Nock’s deep cynicism often provokes a scornful backlash: “Surely, things cannot be so hopeless!” However, Our Enemy, the State has the enormous benefit of having been published almost 60 years ago. In Nock’s day, the state that, he so feared, lay in the future now largely lies in our past. We have endless wars, indefinite detentions, state-sanctioned torture, a prison population in America exceeding the ratio of prisoners in Stalin’s gulags. The list is well-known, virtually endless, and a tragic confirmation of the validity of Nock’s “cynical” view of our capacity to avoid political catastrophes. In politics, realism is merely cynicism plus time.

I hold no more hope than he does for reforming the state, or enlightening the general population, but we do have access to powerful opportunities for change that Nock could barely have imagined.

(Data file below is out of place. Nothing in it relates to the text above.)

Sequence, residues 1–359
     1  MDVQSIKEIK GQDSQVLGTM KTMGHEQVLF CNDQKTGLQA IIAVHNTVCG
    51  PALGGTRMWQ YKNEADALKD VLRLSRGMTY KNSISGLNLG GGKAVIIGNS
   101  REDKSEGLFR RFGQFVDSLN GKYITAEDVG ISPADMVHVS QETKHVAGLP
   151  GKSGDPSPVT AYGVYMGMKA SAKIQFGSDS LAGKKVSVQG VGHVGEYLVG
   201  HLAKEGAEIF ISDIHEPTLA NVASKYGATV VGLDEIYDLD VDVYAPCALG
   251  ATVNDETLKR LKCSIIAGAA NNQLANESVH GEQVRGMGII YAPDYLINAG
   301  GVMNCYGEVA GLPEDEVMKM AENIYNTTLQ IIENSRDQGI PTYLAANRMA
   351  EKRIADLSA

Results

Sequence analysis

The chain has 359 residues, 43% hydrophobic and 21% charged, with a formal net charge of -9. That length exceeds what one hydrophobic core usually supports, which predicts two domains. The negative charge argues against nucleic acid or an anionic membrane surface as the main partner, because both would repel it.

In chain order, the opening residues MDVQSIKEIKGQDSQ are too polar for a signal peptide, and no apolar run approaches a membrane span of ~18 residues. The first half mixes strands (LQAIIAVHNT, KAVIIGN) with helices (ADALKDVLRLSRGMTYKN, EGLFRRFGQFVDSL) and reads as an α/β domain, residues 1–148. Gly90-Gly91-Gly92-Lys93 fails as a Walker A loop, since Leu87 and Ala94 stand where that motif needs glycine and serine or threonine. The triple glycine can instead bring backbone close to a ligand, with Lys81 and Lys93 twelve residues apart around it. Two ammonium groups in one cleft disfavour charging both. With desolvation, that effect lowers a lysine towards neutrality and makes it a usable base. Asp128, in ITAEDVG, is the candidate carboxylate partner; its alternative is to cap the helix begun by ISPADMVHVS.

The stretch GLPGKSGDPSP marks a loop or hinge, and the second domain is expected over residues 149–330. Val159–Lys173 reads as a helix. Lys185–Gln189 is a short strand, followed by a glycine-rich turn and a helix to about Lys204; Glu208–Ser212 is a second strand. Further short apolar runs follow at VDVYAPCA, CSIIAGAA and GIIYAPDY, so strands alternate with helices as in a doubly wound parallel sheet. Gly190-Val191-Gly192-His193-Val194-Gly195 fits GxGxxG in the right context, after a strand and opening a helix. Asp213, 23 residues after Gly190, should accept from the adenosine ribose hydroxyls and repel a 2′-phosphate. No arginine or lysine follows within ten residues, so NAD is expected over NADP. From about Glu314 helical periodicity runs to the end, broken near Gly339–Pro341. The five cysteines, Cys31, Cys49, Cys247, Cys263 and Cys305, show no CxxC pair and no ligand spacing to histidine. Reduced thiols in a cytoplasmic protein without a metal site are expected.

First, of course, is the great Gutenberg we call the Internet, which has smashed the barriers between production and consumption for all who think.

Secondly, the emerging science of brain and child development has given liberty activists a powerful opportunity to lay the foundations for a truly free and peaceful society. If, as most research seems to indicate, the state is a mere effect of the family — and, in particular, early childhood experiences — then by reforming childhood, we reform all aspects of society, including the state. The state is dominance, exploitation, violence, and manipulation: Children raised without punishment, without discipline, and without spanking or yelling will not become criminals or politicians — but I repeat myself — and will no more speak the language of subjugation and dominance than they will Elvish or Klingon.

The ultimate reformation is that of childhood. As Wordsworth said, “The Child is the father of the Man,” we might equally say that childhood has been, and will always be, the future of our species.

The task of rebuilding first requires unbuilding, and there are few better experts at demolition than Albert Jay Nock.

Stefan Molyneux
Host, Freedomain Radio

Original article appears on Laissez-Faire Today

The Daily Reckoning